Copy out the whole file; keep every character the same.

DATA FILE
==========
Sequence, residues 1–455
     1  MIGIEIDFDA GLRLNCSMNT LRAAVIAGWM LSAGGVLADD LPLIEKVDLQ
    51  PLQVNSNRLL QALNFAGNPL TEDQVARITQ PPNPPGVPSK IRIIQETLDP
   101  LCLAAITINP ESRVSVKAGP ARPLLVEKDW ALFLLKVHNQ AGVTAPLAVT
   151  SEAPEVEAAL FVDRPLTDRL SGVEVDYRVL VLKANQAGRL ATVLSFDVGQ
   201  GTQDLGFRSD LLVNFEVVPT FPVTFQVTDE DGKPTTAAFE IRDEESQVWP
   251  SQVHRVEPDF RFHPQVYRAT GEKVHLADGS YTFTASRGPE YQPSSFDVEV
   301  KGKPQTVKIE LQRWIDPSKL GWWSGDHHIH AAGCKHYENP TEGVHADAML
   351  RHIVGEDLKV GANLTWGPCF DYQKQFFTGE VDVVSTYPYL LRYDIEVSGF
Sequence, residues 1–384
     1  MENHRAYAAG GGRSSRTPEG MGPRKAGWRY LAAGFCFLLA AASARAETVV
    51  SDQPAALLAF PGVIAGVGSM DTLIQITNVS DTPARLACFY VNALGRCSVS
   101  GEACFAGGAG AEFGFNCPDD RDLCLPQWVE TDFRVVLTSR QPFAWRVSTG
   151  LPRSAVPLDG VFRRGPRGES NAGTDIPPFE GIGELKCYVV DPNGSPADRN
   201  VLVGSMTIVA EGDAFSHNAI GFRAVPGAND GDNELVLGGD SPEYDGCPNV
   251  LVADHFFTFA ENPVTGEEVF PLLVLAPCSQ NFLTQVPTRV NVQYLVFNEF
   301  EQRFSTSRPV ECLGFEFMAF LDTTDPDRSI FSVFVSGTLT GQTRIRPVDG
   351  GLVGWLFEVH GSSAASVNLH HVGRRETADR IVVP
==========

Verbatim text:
Sequence, residues 1–455
     1  MIGIEIDFDA GLRLNCSMNT LRAAVIAGWM LSAGGVLADD LPLIEKVDLQ
    51  PLQVNSNRLL QALNFAGNPL TEDQVARITQ PPNPPGVPSK IRIIQETLDP
   101  LCLAAITINP ESRVSVKAGP ARPLLVEKDW ALFLLKVHNQ AGVTAPLAVT
   151  SEAPEVEAAL FVDRPLTDRL SGVEVDYRVL VLKANQAGRL ATVLSFDVGQ
   201  GTQDLGFRSD LLVNFEVVPT FPVTFQVTDE DGKPTTAAFE IRDEESQVWP
   251  SQVHRVEPDF RFHPQVYRAT GEKVHLADGS YTFTASRGPE YQPSSFDVEV
   301  KGKPQTVKIE LQRWIDPSKL GWWSGDHHIH AAGCKHYENP TEGVHADAML
   351  RHIVGEDLKV GANLTWGPCF DYQKQFFTGE VDVVSTYPYL LRYDIEVSGF
Sequence, residues 1–384
     1  MENHRAYAAG GGRSSRTPEG MGPRKAGWRY LAAGFCFLLA AASARAETVV
    51  SDQPAALLAF PGVIAGVGSM DTLIQITNVS DTPARLACFY VNALGRCSVS
   101  GEACFAGGAG AEFGFNCPDD RDLCLPQWVE TDFRVVLTSR QPFAWRVSTG
   151  LPRSAVPLDG VFRRGPRGES NAGTDIPPFE GIGELKCYVV DPNGSPADRN
   201  VLVGSMTIVA EGDAFSHNAI GFRAVPGAND GDNELVLGGD SPEYDGCPNV
   251  LVADHFFTFA ENPVTGEEVF PLLVLAPCSQ NFLTQVPTRV NVQYLVFNEF
   301  EQRFSTSRPV ECLGFEFMAF LDTTDPDRSI FSVFVSGTLT GQTRIRPVDG
   351  GLVGWLFEVH GSSAASVNLH HVGRRETADR IVVP